A British university museum has agreed to return a 19th-century painting by French artist Gustave Courbet, captured by the Nazis, to the descendants of its original Jewish owner.
Cambridge University’s Fitzwilliam Museum, in eastern England, is acting on advice from a government-appointed panel of experts investigating claims of Nazi loot.
For more than a year, the panel explored the history of “La Ronde Enfantine,” an oil landscape from around 1862 located in the museum’s storage.
In a report published on Tuesday, he concluded that the evidence supported the demand for restitution made by the heirs of its one-time owner, Robert Bing, a hero of the French Resistance during the Second World War.
“This is a deliberate seizure by the German authorities from a French Jewish citizen while diverting the artwork to Nazi leaders,” the 19-page review said.
“No other reason for seizure other than Mr. Bing’s Judaism appears to have explained this seizure.”
He added that the museum was “taking care of the work so that it can now be returned to the heirs of the original owners.”
A spokesman for the Fitzwilliam said it will follow the advice.
The panel confirmed that Nazi occupiers stole the artwork from Bing’s Paris apartment in 1941, after he and his widowed mother fled the city before their arrival.
The oil-on-canvas, which shows children playing in the woodland, was probably acquired by his maternal grandmother after he married a wealthy banker and merchant.
The painting was stolen by two members of the Einsatzstab Reichsleiter Rosenberg (ERR) – a Nazi organization set up to loot art with traffic – the report said.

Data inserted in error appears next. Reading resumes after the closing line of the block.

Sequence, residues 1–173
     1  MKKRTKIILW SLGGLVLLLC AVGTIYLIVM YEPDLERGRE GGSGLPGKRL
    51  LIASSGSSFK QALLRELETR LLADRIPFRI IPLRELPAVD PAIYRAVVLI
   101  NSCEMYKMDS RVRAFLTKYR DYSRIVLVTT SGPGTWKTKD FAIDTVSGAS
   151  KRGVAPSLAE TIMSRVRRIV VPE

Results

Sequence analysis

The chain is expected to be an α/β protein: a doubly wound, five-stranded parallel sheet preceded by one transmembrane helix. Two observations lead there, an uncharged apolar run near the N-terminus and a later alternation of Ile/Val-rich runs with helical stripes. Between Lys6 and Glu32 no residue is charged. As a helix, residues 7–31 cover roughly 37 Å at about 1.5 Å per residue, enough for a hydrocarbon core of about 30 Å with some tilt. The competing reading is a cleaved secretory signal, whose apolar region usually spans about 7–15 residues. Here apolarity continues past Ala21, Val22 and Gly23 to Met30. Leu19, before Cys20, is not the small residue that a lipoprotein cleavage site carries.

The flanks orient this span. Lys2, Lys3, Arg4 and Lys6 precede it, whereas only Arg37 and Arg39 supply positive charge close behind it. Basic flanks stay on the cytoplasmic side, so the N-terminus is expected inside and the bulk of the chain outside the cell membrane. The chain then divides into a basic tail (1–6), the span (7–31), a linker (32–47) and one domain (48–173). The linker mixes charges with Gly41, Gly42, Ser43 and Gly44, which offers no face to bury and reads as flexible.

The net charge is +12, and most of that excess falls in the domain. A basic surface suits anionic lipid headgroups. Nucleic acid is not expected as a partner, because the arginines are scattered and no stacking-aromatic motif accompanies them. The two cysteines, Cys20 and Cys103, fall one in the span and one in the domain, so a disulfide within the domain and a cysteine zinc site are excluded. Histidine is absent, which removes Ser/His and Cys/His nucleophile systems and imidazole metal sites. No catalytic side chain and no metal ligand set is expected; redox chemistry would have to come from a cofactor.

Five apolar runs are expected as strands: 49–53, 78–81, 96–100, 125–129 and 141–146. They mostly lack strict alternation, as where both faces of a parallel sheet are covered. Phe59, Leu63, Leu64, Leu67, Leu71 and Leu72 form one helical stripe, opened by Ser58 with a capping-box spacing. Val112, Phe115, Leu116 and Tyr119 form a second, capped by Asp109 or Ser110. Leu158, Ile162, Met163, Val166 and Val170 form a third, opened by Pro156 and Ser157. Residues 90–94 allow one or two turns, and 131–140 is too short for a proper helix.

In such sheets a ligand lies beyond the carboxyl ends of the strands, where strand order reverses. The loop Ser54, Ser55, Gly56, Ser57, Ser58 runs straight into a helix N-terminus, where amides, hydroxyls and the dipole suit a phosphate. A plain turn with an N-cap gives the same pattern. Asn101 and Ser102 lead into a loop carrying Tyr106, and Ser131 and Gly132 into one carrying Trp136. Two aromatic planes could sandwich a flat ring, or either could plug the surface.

The artwork then had a “colorful history” and was held during the war for the founder of the Gestapo, Hermann Goering, who amassed a large collection of stolen art.
“He proposed to exchange it as part of a transaction involving the German Foreign Minister, [Joachim von] Ribbentrop, but neither the latter nor his wife liked the work and that transaction was not continued,” the report indicated.
In 1951, La Ronde Enfantine resurfaced in the inventory of a London art dealer and was sold to the then Dean of York, Eric Milner-White.
The Anglican priest, “a generous donor of around 50 paintings to public collections in the UK,” gave the artwork to the Cambridge museum later that year, according to the report.
He noted that his recommendation does not bring “any criticism” of the museum or Milner-White, who “acted honorably and according to the standards that prevailed at the time”.
Courbet, who died in 1877, was the leader of the Realist movement in French art and was responsible for “L’Origine du monde,” considered the most scandalous painting of the 19th century for its depiction of female genitalia.
Meanwhile, Bing was active in the French Resistance until 1944, and received several notable awards for bravery. He died in 1993.